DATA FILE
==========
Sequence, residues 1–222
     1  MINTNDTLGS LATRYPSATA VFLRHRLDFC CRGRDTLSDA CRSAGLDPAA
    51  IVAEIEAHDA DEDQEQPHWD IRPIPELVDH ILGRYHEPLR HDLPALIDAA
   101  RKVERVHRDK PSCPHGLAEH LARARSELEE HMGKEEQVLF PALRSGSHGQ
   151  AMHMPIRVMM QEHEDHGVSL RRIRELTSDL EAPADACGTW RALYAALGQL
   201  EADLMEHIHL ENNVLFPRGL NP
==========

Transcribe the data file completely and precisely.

Sequence, residues 1–222
     1  MINTNDTLGS LATRYPSATA VFLRHRLDFC CRGRDTLSDA CRSAGLDPAA
    51  IVAEIEAHDA DEDQEQPHWD IRPIPELVDH ILGRYHEPLR HDLPALIDAA
   101  RKVERVHRDK PSCPHGLAEH LARARSELEE HMGKEEQVLF PALRSGSHGQ
   151  AMHMPIRVMM QEHEDHGVSL RRIRELTSDL EAPADACGTW RALYAALGQL
   201  EADLMEHIHL ENNVLFPRGL NP